<p><TT>Estimates of genetic parameters needed to control breeding programs, have to be regularly updated, due to changing environments and ongoing selection and crossing of populations. Restricted maximum likelihood methods optimally provide these estimates, assuming that the statisticalgenetic model used is correct.</TT><p><TT>Generally, a model for analysis of milk production data assumes only additive genetic effects and random sampling. These assumptions are rarely met. In many animal populations genetic material from other populations is used. Crossing of lines or breeds often gives rise to non-additive effects. Furthermore, most of the data used for genetic analysis come from populations under selection. The subject of this thesis was to determine whether or not models for genetic evaluation of dairy populations should account for non-additive effects and selection, and how this should be done.</TT><p><TT>The influence of non-additive effects on the estimation of heritabilities and breeding values was studied in Chapter 2. A population having progeny that descended from sires and dams with various fractions of genes from two breeds was simulated. Additive breed effects and non-additive effects from breed crosses, were simulated. Data on performance were analyzed using mixed models, that accounted for fixed additive genetic group and random sire effects. Three additive models, with genetic groups defined according to 1) breed composition of the progeny, 2) breed composition of the sire and dam, or 3) linear regression on breed fraction, were compared with a non-additive model, with a linear regression on breed fraction, heterozygosity and recombination in the genome of the progeny. Variance components were estimated using restricted maximum likelihood.</TT><p><TT>Additive genetic variance and heritability were overestimated for an additive model with progeny groups. Additive models gave biased estimates for breed differences, group effects and breeding values. Breed differences were overestimated when sire groups were used. Estimates for each parameter were unbiased using the non-additive model.</TT><p><TT>In Chapter 3, the same models were applied to data of cows with variable proportions of genes from the Dutch Friesian and the Holstein Friesian (HF) populations. The data set contained 92,333 first lactation records (305 days milk production) of cows from 675 young sires and 307,050 records of cows from 202 proven sires. Estimates for heterosis varied from 2.5% (fat yield) to 0% (protein percentage). Recombination effects varied from -1.9% (protein yield) to 1.5% (fat percentage). Additive models with progeny groups overestimated genetic variance by 6%. Models with sire groups overestimated additive genetic values of imported HF sires by 33%. Using a nonadditive model, heritability estimates were .38 for milk yield, .80 for fat percentage and .70 for protein percentage. It was concluded that a nonadditive model was preferable for estimation of genetic variance and prediction of breeding values in crossbred dairy populations.</TT><p><TT>In the fourth chapter, the effect of selection on estimation of additive genetic variance was studied. A population of size 40 was simulated 100 times, for ten generations. Five out of twenty males were selected at each generation and each male was mated to four females and had two progeny. The additive genetic variance</TT>(σ <sup>2</SUP><sub>a</sub> )<TT>before selection was 10 and the initial heritability was .5. The genetic variance was reduced to 6.72 after ten generations of selection, due to covariances among animals, inbreeding and gametic disequilibrium. Reduction of variance was lower in another population simulated with size 400 and ten percent of the males selected. Restricted Maximum Likelihood was used to estimate σ</TT><sup>2</SUP><sub>a </sub><TT>using an animal model. The estimate of σ</TT><sup>2</SUP><sub>a</sub><TT>was empirically unbiased, when all data and all relationships were used. Omitting data from selected ancestors caused biased estimates of σ</TT><sup>2</SUP><sub>a</sub><TT>due to the fact that not all gametic disequilibrium was accounted for. Inbreeding and covariances were adjusted for, when additional relationships between assumed base animals were considered. Bias from gametic disequilibrium decreased slightly with the use of more relationship information. Estimates from data based on later generations only, were biased by selection. Mean estimates of genetic variance depended on the assumed base population and were insensitive to the number of subsequent generations with data.</TT><p><TT>A method to estimate genetic parameters conditional to selection occurring before formation of the base population was investigated in Chapter 5. For this, simulated data from the same populations as in Chapter 4 was used. The method assumes base parents as fixed and a conditional variance is based upon the Mendelian sampling of gametes from the base parents. Selection was for five generations but only animals of generations 4 and 5 were assumed to have performance records and parents known. Additive genetic and residual variance were assumed to be 10. When 20 out of 200 sires were selected per generation, estimated genetic variance was 8.58 when base animals were assumed random, and it was 6.03 when they were fixed. Residual variance was overestimated in the latter case. When males of generation 4 were not selected to have progeny, estimated genetic variance was 9.91. It was concluded that estimates for genetic parameters with the conditional model were not biased by selection of base animals. However, the procedure with fixed base parents was biased when descendants of base animals were selected to have progeny.</TT><p><TT>Genetic variance of milk production traits was estimated with a conditional model to account for selection of sires. In the HF subpopulation, which had been selected more intensively, genetic variance for milk yield was estimated about 8% higher compared to a random models that assumes no selection.</TT><p><TT>Estimates of heritability for milk production traits were found to be high with a sire model, after correction for non-additive effects (Chapter 3) and selection of parents (Chapter 5). Preliminary results with an animal model, which accounted for non- random mating of sires, did not show lower estimates. More research is suggested to determine whether the cause for high heritabilities is genetic or environmental.</TT><TT></TT><p><TT><u>Main conclusions</u></TT><br/><TT>- By not accounting for non-additive effects in genetic evaluation of crossbred populations, biased estimates of breeding values and additive genetic differences between crossbred groups are found. Records of crossbred dairy cattle should therefore be adjusted for systematic additive and non-additive breed effects.</TT><br/><TT>- Estimation of crossbreeding parameters from field data can provide low standard errors, although sampling correlation may be high for certain mating designs.</TT><br/><TT>- Estimates of genetic variance based on data from selected generations only were biased by selection. Mean estimates of genetic variance depended mostly on the assumed base population and were insensitive to the number of subsequent generations with data. Additional relationships adjust genetic variance estimates for covariances among animals, and for</TT><TT>some of the gametic disequilibrium.</TT><br/><TT>- Estimates for genetic parameters with a conditional model are not biased by selection of base animals, but a bias will be introduced when descendants of base animals have been selected to have progeny.</TT><br/><TT>- Heritability estimates of milk production traits in crossbred dairy cattle data were found to be higher as parameters currently assumed for genetic evaluation.</TT><p><TT></TT>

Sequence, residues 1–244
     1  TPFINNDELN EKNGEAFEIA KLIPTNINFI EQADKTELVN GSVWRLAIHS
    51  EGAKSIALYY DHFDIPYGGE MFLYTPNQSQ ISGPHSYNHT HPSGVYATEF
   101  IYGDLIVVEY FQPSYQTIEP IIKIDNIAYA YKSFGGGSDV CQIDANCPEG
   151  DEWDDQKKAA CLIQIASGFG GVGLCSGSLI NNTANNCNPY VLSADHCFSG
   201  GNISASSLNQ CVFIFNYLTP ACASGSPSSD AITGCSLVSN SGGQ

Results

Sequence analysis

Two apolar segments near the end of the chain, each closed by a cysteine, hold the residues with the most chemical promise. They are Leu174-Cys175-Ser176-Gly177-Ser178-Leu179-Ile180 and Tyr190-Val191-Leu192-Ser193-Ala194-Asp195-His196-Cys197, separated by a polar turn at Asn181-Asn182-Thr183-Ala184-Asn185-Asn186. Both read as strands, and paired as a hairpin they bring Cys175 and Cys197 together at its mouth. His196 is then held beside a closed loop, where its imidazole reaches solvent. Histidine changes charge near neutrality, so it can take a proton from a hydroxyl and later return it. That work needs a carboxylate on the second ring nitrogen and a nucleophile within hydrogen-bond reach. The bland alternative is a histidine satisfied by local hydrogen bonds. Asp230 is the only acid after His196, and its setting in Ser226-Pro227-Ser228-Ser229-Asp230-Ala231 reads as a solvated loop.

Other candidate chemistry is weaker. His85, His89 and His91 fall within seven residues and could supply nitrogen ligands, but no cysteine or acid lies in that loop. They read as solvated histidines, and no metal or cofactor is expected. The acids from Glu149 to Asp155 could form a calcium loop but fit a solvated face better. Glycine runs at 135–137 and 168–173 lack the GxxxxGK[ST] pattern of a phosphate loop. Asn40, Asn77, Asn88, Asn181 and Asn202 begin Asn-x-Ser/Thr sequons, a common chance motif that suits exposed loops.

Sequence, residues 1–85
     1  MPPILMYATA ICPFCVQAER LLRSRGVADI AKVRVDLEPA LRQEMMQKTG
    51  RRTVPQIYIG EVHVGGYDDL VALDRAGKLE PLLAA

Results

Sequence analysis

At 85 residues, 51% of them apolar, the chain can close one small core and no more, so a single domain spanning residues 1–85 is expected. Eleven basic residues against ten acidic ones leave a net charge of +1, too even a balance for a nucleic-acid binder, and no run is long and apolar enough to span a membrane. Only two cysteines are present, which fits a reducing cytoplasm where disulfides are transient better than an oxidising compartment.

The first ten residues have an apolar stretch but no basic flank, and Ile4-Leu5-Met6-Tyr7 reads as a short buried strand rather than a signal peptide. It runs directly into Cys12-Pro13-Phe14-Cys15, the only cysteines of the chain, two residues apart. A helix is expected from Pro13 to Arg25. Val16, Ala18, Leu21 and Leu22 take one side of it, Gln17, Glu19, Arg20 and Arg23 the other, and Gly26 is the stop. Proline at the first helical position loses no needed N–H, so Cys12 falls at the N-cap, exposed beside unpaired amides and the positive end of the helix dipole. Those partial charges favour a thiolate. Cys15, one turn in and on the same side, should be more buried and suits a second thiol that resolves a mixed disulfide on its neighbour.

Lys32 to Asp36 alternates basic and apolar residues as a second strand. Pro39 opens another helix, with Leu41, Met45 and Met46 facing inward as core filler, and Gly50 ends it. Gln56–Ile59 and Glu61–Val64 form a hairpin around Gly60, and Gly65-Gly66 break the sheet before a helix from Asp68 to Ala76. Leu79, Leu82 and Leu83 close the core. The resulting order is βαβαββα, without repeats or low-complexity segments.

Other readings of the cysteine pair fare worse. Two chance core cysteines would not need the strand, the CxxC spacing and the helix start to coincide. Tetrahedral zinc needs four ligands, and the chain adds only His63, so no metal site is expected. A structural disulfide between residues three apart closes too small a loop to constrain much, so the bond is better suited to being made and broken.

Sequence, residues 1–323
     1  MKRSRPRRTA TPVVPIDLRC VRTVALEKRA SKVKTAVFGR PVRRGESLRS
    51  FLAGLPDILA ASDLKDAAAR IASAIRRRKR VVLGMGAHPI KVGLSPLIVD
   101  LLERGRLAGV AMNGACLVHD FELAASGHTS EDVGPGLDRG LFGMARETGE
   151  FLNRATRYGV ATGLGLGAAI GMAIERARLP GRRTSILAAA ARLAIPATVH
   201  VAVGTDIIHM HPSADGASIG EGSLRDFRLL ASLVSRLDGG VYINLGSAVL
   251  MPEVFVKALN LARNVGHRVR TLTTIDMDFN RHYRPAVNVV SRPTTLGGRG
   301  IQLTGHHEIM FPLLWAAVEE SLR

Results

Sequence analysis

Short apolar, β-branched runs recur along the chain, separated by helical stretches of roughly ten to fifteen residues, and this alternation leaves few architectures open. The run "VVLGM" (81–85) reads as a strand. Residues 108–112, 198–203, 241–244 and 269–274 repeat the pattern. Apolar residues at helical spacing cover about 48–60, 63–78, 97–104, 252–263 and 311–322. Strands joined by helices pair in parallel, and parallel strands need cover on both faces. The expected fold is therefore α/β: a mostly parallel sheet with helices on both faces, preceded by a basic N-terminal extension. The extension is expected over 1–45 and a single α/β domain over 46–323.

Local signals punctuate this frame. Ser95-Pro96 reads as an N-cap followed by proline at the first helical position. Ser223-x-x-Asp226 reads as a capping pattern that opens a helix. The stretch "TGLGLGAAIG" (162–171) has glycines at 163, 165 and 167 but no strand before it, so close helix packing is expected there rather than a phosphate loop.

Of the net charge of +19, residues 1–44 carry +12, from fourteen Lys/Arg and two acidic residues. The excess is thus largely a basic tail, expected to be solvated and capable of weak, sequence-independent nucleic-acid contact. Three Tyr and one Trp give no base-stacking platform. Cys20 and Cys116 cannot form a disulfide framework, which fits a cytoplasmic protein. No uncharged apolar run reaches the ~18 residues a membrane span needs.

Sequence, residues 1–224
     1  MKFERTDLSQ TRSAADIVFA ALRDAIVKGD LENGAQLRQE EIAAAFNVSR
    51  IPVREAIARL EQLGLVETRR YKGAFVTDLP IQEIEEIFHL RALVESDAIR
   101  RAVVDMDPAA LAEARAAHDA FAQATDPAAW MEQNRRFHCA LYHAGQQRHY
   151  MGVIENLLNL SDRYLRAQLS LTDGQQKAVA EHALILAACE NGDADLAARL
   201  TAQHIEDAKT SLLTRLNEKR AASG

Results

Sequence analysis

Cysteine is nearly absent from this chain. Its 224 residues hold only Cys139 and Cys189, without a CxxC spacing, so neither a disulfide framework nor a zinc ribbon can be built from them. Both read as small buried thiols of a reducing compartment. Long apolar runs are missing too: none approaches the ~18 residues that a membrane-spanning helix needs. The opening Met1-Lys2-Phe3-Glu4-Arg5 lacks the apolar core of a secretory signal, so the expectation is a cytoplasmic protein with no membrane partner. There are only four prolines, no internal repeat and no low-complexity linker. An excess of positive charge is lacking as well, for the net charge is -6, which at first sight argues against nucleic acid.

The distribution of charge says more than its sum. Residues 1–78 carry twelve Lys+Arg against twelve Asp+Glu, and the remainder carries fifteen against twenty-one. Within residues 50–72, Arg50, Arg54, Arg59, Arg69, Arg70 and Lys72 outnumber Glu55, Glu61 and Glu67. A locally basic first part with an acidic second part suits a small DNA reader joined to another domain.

Original languageEnglish
QualificationDoctor of Philosophy
Awarding Institution
  • Politiek, R.D., Promotor, External person
  • Brascamp, E.W., Promotor, External person
Award date1 Jun 1990
Place of PublicationS.l.
Publication statusPublished - 1990


  • breeds
  • performance
  • progeny testing
  • dairy cattle
  • dairy farming
  • selective breeding
  • models
  • research